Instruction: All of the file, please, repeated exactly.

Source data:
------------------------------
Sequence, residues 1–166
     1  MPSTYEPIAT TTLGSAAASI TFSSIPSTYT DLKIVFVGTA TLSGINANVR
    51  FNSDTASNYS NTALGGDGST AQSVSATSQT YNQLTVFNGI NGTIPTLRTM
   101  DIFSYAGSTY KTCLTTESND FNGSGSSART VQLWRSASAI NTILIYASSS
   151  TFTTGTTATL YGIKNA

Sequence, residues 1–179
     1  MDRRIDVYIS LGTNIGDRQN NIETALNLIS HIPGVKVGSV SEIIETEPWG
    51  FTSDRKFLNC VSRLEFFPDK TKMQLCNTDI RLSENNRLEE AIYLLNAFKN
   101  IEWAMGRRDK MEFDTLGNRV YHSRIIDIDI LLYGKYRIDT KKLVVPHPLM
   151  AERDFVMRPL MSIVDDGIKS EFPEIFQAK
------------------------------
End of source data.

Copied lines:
Sequence, residues 1–166
     1  MPSTYEPIAT TTLGSAAASI TFSSIPSTYT DLKIVFVGTA TLSGINANVR
    51  FNSDTASNYS NTALGGDGST AQSVSATSQT YNQLTVFNGI NGTIPTLRTM
   101  DIFSYAGSTY KTCLTTESND FNGSGSSART VQLWRSASAI NTILIYASSS
   151  TFTTGTTATL YGIKNA

Sequence, residues 1–179
     1  MDRRIDVYIS LGTNIGDRQN NIETALNLIS HIPGVKVGSV SEIIETEPWG
    51  FTSDRKFLNC VSRLEFFPDK TKMQLCNTDI RLSENNRLEE AIYLLNAFKN
   101  IEWAMGRRDK MEFDTLGNRV YHSRIIDIDI LLYGKYRIDT KKLVVPHPLM
   151  AERDFVMRPL MSIVDDGIKS EFPEIFQAK